In response to this, someone in a conversation floated the idea of editors of journals who are committed to supporting the work of writers of color (and other minority writers) might have a sort of badge on their site. Some discussion followed, pointing out the difficult logistics of this (would it be quantified? Who would adjudicate? How would decisions be enforced?) as well as the way in which a ‘badge’ might operate essentially as a congratulations or reward for (white) editors who are doing what they should do anyway, i.e. reading openly and widely, soliciting from writers of color, examining their own learned and invisible biases (and the relation of these to power/white supremacy/kyriarchy…).

Let me interrupt myself to say I know a blog post is a short forum for a long idea. This is more complex than I can do justice here. And pausing for a moment on this idea should not erase the fact that this momentary thought is a small one in a long chain of moments which are experienced and narrated in complex and multiple ways by the people who live in and through them, and that I am late to this conversation. I mean that I am by no means positioning myself as a be-all, end-all. And this text-moment is not thorough or complete. And my own education is ongoing and humbling, and much of it has been provided to me by the writers of color, many of them women, who tweet, write blog posts, and otherwise make their thinking publicly available.

But: I would not have a badge like that on 111O. I do not want to be noticed for publishing women, writers of color, or any other ‘underrepresented voices’, even though that is absolutely what I feel my remit is. I do not want to call attention to that. That seems self-aggrandizing and goes against my gut sense of what my job is. It is my responsibility as an editor to seek out those voices and to listen to them and also to make space for them. That is basic. That is not something to ask for acknowledgment for. That is supposed to be the fundamental work I do as an editor: look for writing that revises the world, help it be itself fully, make space for it.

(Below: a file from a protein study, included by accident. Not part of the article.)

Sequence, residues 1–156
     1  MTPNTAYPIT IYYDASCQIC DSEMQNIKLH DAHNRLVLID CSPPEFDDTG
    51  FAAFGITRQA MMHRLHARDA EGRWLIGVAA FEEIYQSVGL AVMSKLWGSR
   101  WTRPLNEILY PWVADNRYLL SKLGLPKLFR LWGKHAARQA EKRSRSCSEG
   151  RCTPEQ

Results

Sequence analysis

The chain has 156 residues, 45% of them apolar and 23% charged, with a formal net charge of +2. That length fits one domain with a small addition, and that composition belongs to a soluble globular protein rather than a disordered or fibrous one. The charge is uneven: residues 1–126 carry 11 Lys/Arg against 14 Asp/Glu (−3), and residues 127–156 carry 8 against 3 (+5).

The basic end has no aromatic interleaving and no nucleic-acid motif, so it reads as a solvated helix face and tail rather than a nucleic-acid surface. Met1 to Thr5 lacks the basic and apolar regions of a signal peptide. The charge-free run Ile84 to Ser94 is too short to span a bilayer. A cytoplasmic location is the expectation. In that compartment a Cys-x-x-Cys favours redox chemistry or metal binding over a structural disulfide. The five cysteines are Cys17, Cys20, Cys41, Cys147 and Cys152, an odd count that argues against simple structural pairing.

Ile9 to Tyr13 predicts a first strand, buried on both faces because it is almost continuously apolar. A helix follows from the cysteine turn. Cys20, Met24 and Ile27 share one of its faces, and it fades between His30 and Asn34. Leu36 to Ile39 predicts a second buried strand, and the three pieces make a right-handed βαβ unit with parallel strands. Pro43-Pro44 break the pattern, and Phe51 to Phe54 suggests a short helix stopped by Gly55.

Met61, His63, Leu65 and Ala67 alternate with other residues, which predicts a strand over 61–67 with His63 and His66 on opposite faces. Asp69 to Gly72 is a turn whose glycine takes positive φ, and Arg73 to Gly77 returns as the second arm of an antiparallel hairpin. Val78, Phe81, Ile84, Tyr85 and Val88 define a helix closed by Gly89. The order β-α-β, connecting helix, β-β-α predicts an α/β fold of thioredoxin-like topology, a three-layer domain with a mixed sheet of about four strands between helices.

If I am serious about the work of dismantling white supremacy, that means—for me—prioritizing a change in the way I read and how I think about what literature is, how meaning works, and how the invisible paradigms I’ve been taught to take as given constrain my ability to see, feel, and listen. I don’t want a badge to tell anyone how I’m doing. I don’t want an official seal that somehow says “accomplishment unlocked!”. Paying attention to privilege is ongoing work for me. It doesn’t have an end moment. Learning to read again is perpetual and necessary; I have thirty-plus years of having been taught/having learned to read in an erasing way. If writers of color, queer writers, trans/nonbinary writers, women writers are going to feel comfortable with my publishing them, I think it will only happen if/when they can see that I have an ongoing, extensive commitment to hearing them and to supporting work regardless of whether I have learned to read it yet.

I deeply desire for MIEL and 111O to be homes—rooms—for writers who need that space, writers who haven’t necessarily had that space, and writers who don’t feel welcome in other spaces by virtue of the way who they are intersects with how they write. I want to make a space that reads new writing with rigor, attention, and love. That’s what I feel called to do. I don’t want to talk a lot about it because I also feel that my job is to be modest, humble, and invisible wherever I can. But I wanted to state my beliefs here, too, so that if anyone is searching they can see where MIEL stands.